Finding “home remedies” for osteoarthritis, rheumatoid arthritis, psoriatic arthritis and other forms of arthritis is easy. Finding effective ones is a lot harder. Few have been rigorously studied, and even remedies that perform well in trials don’t work for everyone. Here are five low-risk therapies that science shows may reduce pain and inflammation.
Simply rubbing an ice cube or a paper cup of frozen water in small circles over a painful area reduces swelling, slows pain signals and inhibits the production of inflammatory chemicals. The American College of Rheumatology recommends doing it 5 to 10 minutes several times a day.
The omega-3 fatty acids in some fish reduce inflammation by halting the production of pro-inflammatory enzymes – and they can ease pain, too. The best sources include salmon, sardines, herring and tuna. Eat several servings per week.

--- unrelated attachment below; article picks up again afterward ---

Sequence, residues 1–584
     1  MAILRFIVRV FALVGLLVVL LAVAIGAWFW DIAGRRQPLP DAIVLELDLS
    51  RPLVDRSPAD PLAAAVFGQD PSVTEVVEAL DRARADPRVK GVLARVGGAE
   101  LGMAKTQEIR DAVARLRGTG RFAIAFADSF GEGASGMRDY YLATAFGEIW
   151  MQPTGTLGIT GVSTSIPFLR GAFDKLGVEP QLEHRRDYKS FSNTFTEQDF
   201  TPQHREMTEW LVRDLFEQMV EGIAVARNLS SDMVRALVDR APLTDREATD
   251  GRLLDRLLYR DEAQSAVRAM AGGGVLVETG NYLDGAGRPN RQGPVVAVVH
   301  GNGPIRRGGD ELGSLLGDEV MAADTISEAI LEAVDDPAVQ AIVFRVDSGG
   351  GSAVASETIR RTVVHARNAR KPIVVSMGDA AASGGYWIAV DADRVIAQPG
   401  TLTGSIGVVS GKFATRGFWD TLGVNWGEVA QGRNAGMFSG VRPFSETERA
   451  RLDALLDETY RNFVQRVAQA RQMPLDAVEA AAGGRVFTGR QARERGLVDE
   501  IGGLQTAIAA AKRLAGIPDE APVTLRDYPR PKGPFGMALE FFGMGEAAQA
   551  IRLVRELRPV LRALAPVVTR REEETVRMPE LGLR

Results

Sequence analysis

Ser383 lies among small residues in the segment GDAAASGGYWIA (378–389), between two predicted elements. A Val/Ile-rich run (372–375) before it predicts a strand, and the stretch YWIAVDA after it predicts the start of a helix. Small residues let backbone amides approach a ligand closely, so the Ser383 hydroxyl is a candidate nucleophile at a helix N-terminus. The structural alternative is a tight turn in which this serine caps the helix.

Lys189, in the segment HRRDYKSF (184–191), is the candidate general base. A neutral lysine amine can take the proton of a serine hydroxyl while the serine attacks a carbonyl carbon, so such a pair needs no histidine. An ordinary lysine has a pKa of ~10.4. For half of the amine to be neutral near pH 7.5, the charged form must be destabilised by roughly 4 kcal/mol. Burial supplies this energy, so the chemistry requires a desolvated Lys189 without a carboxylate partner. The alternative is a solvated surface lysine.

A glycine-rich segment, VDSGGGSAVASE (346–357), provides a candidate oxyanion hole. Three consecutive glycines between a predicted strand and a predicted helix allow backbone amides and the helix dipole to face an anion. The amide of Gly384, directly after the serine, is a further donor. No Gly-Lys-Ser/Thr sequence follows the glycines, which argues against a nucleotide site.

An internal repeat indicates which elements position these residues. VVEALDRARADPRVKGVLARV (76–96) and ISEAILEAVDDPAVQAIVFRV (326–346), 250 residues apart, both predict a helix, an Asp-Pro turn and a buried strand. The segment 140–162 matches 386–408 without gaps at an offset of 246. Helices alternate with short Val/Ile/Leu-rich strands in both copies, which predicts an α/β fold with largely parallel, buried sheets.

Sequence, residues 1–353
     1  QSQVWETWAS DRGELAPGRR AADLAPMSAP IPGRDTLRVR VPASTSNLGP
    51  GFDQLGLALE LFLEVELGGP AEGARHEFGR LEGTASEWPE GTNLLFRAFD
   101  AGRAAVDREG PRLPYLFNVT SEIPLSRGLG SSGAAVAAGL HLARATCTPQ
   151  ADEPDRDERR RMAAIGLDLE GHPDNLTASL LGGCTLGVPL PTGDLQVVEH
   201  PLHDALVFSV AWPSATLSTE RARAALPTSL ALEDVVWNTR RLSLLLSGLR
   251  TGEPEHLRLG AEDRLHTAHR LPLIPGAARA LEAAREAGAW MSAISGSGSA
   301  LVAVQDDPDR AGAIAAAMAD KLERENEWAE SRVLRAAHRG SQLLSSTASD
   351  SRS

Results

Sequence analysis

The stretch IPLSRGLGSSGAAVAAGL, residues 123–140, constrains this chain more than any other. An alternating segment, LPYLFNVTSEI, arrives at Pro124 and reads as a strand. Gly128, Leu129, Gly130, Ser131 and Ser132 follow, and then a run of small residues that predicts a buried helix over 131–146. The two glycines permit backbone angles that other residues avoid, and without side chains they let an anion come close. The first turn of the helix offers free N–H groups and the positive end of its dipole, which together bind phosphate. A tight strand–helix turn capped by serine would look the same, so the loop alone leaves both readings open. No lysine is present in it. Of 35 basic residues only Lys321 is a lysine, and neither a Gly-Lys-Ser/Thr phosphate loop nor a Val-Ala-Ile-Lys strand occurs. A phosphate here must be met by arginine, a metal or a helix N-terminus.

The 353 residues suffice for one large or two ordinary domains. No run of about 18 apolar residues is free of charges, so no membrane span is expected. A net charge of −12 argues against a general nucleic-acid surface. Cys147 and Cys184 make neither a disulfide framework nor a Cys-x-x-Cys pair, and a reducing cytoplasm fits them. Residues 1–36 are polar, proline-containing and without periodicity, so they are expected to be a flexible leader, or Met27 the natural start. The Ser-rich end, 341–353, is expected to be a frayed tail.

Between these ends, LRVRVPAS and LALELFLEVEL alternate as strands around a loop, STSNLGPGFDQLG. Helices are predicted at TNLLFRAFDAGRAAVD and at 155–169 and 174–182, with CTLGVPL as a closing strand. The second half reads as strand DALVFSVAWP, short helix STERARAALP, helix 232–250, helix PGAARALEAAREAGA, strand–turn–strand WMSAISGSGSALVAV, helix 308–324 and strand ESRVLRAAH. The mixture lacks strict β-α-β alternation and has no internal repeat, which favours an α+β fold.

Few therapies can match walking for reducing pain and stiffness, building muscles around the joints, and improving flexibility. Start as slowly as you need to and work up to 30 minutes a day.
Studies show a potent antioxidant in green tea called epigallocatechin-3-gallate (EGCG) blocks the production of molecules that cause joint damage in people with rheumatoid arthritis (RA). To reap the health benefits, drink two or three cups of green tea a day, researchers suggest.
In studies, certain strains of probiotic bacteria – “good” bacteria found in some foods – significantly reduced pain and disability in people with RA. Though research is still preliminary, try eating yogurt or taking probiotic supplements every day for two or three months to see if it’s effective for you